Focused on the services and applications development space. Have authored most of the posts for the Next Big Thing blog (www.hp.com/go/tnbt) and try to regularly participate in #CIOChats. Recently retired from HP.
Actually, most of the docs I saw this summer were empathetic, but there were several snafus when information had to physically shared. Surveys have shown that empathetic docs who apologize when things go wrong get sued less. And I do believe there was geneuine compassion on the part of several docs.
I did find that as much of the information did automatically flow between docs in different facilities (5). One doc in particular was religious are sharing information and there about nine docs involved. She was the only one to use e-mail with me where they don't get compensated. Her place in the pantheon of my favorite physicians is secure. She even called me once to see how I was doing....an above and beyond physican.
In looking back, the flow of information went reasonably well despite a couple of horrendous mistakes, the sting of which has worn off....
"Outside-in" is another way to describe loosely-coupled web-based computing where technology more closely mirrors the business. Maybe computing isn't the right word, but information flow does not quite cut it, either. Author Eric Openshaw offers up a decent example to explain what he's talking about and four steps about how to get "Outside-In."
Here's an excerpt: "The answer lies in re-envisioning your architecture, not as an enterprise-wide monolith but as interrelated systems and data sets, encapsulated for external consumption."
It needed to be said yet again, but open source software is the way to go, says this new white paper "Open for Businesss." Open systems have reach a point of maturity where they are ready to handle mission critical applications. Migration to open source also requires rationalizing of current proprietary (legacy) systems.
I have one 40-something physican who types into a notebook during 90% of the appointment and makes almost no eye contact. I find it distracting and borderline rude. I applaud that he's using technology and not wracking up bills using a transcription service or a scribe. But someone needs to tell this guy to type less and pay more attention to the patient. It's like the notebook has the appointment, not the patient.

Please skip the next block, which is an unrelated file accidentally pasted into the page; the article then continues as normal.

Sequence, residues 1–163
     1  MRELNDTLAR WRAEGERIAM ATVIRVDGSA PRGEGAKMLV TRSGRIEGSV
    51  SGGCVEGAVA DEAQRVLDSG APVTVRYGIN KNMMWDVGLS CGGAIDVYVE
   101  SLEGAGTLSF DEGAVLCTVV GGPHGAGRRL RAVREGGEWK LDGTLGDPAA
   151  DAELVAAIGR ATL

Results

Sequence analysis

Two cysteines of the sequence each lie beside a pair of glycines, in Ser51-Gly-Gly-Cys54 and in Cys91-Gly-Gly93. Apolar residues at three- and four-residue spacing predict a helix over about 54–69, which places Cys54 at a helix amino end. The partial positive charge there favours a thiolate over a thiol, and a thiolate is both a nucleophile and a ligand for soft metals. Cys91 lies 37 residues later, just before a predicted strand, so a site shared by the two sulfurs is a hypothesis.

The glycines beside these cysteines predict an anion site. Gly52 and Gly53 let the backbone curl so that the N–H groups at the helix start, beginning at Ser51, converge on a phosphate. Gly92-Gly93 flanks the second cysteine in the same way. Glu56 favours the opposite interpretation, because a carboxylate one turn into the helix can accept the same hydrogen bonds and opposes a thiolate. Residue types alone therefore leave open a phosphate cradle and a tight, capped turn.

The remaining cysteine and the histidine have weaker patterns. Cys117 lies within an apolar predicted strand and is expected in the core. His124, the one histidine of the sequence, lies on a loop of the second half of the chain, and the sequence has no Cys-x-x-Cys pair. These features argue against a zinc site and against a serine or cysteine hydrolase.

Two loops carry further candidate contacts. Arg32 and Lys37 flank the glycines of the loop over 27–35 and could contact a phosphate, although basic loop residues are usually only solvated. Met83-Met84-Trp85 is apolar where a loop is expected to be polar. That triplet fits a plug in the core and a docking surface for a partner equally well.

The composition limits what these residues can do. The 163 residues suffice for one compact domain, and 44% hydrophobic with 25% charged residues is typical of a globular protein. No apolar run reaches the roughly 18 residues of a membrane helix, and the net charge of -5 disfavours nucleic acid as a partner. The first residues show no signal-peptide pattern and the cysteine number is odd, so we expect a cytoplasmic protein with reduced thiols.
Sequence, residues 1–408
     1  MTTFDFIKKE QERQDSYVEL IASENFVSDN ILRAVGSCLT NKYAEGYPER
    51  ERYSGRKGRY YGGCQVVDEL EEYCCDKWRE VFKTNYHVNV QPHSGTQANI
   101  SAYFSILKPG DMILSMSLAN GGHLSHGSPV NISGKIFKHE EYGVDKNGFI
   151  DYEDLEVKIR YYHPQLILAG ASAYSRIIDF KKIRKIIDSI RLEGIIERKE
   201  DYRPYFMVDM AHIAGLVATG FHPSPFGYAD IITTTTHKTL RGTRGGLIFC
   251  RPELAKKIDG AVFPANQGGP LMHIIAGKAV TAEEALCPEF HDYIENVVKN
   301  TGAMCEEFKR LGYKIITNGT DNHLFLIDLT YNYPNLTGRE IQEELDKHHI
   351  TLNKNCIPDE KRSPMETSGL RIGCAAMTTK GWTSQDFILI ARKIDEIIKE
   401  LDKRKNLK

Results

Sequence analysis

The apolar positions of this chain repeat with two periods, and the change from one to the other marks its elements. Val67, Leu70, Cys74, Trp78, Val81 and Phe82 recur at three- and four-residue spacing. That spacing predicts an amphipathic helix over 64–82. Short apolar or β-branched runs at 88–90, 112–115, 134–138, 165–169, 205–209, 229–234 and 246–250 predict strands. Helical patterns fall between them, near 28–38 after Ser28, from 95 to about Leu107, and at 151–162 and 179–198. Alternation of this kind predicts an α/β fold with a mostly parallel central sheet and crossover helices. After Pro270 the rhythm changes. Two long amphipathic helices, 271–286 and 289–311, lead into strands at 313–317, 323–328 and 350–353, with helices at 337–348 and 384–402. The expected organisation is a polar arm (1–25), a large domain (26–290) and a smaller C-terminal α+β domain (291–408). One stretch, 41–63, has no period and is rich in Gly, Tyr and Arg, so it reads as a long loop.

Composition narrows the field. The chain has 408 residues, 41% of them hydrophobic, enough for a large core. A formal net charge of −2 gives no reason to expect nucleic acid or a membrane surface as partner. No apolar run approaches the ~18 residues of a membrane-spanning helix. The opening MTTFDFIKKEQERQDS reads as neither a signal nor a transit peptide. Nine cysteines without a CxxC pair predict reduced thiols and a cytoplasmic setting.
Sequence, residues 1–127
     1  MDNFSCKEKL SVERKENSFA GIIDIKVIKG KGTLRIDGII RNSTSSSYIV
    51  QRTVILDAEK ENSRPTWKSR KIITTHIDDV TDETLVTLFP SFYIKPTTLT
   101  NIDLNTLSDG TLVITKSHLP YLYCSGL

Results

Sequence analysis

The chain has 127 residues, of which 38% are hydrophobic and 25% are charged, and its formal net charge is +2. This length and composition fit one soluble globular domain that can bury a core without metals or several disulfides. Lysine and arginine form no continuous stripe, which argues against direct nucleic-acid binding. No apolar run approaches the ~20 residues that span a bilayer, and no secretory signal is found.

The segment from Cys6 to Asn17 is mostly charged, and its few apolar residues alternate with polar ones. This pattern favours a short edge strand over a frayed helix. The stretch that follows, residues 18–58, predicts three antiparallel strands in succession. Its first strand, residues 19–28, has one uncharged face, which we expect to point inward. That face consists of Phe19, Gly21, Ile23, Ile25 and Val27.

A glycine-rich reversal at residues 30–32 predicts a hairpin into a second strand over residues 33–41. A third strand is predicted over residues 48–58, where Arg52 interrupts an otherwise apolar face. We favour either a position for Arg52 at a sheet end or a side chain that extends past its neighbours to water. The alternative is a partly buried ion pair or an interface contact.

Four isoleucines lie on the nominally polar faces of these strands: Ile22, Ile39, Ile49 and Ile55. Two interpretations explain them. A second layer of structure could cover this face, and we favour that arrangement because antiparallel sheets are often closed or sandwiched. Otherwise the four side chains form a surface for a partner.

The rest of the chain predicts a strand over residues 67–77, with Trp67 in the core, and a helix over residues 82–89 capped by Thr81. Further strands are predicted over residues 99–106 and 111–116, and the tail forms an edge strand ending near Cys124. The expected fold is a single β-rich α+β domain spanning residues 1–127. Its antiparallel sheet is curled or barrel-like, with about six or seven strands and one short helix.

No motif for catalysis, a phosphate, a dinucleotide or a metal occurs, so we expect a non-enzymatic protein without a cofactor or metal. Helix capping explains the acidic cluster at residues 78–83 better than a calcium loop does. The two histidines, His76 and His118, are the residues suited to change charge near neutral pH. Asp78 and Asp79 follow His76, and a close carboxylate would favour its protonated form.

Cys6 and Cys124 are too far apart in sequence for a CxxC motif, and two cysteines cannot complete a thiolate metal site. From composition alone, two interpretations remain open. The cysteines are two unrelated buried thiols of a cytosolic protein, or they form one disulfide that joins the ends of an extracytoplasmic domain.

For a while now there is constant conversation that the traditional drivers are obsolete. Do you think that is true or are we just looking at the problem differently. IT organizations have gotten into the habit of striving for:
Last week I was interacting with a number of technologists where we were discussing the need for organizations to be more agile and the implications this may have on an organization’s architecture efforts in general and enterprise architecture in particular.
The same pressures shifting the needs of the business are present where business and technology meet and should affect the creation and use of architecture work products. Much can be learned from what’s happening in the agile development space, and applied to architecture:
Since the first of the year, I’ve been giving a presentation on embracing technical trends for organizations – what strategists need to think about to address the needs of their organizations. At the end of the material, I include a summary of takeaway points. Since I haven’t posted anything to this site for a while, I thought I’d share them and see what kind of reaction develops:
This week I was working on a presentation for the ISSIP Service Futures SIG titled: Service Futures and Drivers of Change. Part of the presentation included a discussion of megatrends – the industry independent trends that will shape our lives in the future and their effect on business decision making.
Last month, I attended the MIT CIO Symposium focused on the transformational CIO. At the event I ran into John Dodge (of this site). John said I hadn’t posted much recently so I thought I’d pass along a brief summary of the panels I attended: